Monday, June 19, 2006

Peruvian Goals... now with update!

Goals for the voyage:

1) Ride an alpaca
I was remarkably unsuccessful at this. Alpacas are not elongated, friendly sheep that you can just ride around on. They are, however, delicious. Much like veal without that guilty feeling.

2) Go anaconda hunting
You'd think the Peruvian Amazon would be extremely accessible. Unfortunately, the nearest spot was a 2 1/2 day ride in the back of a truck, making about 3 stops a day, and I just couldn't make it work.

3) Sandboard like a champion
I fell face-first like a champion.

4) Return with Incan artifacts suitable for use in 6th and 7th grade social studies classrooms
Not so much. I did learn that "Inca" referred only to the individual ruler, as in Qushfasfj was the 3rd Inca; while the common people were known as Quetcha.

5) Avoid kidnap for ransom, re: bad luck influence of POY
Duly avoided.

6) Cavort with local women
See, this isn't as it easy as it sounds, given the Wall that exists between locals and tourists, as well as my lack of fluency in the universal language of dance. There was, however, one captivating woman from Arequipa who I invited to California no fewer than six times, using at least six different pretexts. We'll see how that one turns out.

7) Free that fluent Spanish speaker that has been imprisoned within me all this time, desperately waiting for a moment of true immersion to burst into triumphant living flame like the phoenix of legend
More like a disease-carrying pigeon.

8) Write at least two bad short stories that will be irrevocably destroyed upon Stateside return
No, but there was much self-indulgent journaling, which I am resisting turning into a blog in its own right.

9) Avoid death, injury, or ego-destroying mishap during the 4-day clamber up Manchu Picchu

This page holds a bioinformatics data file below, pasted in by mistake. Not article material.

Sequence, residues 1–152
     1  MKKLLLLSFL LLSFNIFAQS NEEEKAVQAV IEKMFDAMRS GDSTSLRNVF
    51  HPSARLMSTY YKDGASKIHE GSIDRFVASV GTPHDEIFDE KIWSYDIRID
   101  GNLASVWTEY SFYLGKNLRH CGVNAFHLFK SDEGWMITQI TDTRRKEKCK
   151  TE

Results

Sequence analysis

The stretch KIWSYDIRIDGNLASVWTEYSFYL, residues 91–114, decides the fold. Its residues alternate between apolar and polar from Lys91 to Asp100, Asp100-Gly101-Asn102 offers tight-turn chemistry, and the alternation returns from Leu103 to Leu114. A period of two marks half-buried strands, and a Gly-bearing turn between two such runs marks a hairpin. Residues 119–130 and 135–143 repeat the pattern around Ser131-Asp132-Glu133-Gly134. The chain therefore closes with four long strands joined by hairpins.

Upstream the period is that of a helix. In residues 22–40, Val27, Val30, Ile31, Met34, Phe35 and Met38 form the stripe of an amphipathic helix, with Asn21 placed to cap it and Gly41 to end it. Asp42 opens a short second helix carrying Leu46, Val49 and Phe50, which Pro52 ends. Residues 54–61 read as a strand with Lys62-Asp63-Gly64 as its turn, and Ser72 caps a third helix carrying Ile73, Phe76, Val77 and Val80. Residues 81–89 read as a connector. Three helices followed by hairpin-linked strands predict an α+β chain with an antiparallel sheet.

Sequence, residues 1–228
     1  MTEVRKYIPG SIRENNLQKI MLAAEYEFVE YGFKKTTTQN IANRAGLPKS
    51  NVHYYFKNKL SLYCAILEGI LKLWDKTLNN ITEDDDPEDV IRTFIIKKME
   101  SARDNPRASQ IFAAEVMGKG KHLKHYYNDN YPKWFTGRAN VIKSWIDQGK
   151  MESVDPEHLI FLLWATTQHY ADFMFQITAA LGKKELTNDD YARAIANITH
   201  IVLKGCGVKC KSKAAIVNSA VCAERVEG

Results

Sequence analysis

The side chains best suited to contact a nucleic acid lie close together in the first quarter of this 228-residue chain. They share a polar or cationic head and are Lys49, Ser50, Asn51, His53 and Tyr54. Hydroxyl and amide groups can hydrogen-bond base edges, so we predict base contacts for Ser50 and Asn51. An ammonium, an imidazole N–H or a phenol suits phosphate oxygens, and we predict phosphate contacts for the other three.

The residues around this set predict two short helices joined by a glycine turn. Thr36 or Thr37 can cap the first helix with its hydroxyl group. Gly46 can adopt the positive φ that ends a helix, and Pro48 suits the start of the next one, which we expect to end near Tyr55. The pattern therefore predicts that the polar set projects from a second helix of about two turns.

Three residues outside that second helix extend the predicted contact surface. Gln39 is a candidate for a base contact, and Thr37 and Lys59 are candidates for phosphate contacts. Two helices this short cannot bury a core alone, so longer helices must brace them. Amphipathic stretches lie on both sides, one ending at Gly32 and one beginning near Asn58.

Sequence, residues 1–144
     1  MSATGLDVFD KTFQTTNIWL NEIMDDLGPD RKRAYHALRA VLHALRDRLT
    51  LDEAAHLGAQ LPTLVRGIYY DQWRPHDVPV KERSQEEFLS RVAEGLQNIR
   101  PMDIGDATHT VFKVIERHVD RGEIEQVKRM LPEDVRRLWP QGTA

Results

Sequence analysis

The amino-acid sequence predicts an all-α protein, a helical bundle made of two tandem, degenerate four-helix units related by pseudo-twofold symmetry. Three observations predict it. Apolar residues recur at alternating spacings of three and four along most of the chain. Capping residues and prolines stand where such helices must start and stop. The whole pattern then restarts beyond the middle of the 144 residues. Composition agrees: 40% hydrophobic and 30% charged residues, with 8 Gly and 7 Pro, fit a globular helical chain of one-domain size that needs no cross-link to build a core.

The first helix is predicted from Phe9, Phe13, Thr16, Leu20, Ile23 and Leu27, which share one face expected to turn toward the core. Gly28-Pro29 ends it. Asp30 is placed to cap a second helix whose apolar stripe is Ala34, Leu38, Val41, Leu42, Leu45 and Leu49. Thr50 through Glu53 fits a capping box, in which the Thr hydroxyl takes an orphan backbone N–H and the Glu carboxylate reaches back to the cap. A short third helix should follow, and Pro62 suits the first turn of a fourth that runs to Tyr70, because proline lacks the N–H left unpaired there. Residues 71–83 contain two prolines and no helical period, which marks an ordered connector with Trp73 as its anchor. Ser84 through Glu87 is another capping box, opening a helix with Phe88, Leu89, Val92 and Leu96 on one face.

YAR! Let me just say, altitude sickness sounds like one of those fake illnesses that no one really gets, (like pink-eye and swimmer's-ear) but it is no joke. Climbing to 4,500 meters doesn't sound like a big deal either, until you realize that 4,500 meters is actually 15,000 feet and man, that's really high. Also, July in the Southern Hemisphere is winter, not summer, which means it's colder than you expected. Crazy.

10) Cocoa tea. Awww yeah. Get some.
Seriously, Mr. Customs Official, this is a plant reknowned for its nutritional value. It is in no way a drug. I know it looks suspicious, but really, it's fine. No, those marks on my arms are mosquito
bites. Yes, Peru has huge jungle mosquitoes. No, my eyes are red because I've been on planes for a day and a half, and really, those leaves are for making tea, not getting stoned. Really...


Anonymous Anonymous said...

"4) Return with Incan artifacts suitable for use in 6th and 7th grade social studies classrooms (there's the requisite teaching tie-in that makes this somewhat germane to this-here blog...)"

Also may make it semi-tax-deductible if your tax person is shrewd and/or corrupt. If you haven't thought of that already.

8:52 PM  
Blogger TMAO said...

I think the real move here is to parlay possession of said artifacts and documented teaching experience into the role of high-priced consultant.

2:12 PM  
Blogger Jennifer said...

Really? You are not into the universal language of dance? Even with all that fabulous special tea?


8:59 PM  
Anonymous jeanne mccann said...

Just wanted to let you know that we excerpted you for Teacher Magazine's Blogboard today!
Good stuff.

8:49 AM  
Blogger TMAO said...


Man, you throw the whole plant into a cup of boiling water and it won't bridge my dance-based achievement gap. The ability to dance is fast becoming modern man's most critical evolutionary adaptation. Those of us who can't, won't, or recoil from the social locales where such occurs are like short-necked giraffes, or those white moths in industrial 19th century England. We're the finches with the nut cracking beaks living on the island where we need fruit eating beaks. We're mastadons post-Ice Age.

We're the male nipples of history.

9:32 PM  
Blogger Lsquared said...

I hope there's nothing in that tea to make you paranoid, 'cause that sure would make sense of a lot of the Inca history I've read... Wow were those Incas (the head honcho Incas that is) scary people.

10:48 AM  
Anonymous Anonymous said...

Truly enjoyable. I'm a teacher in SJ too. (near Milpitas border)

11:57 AM  

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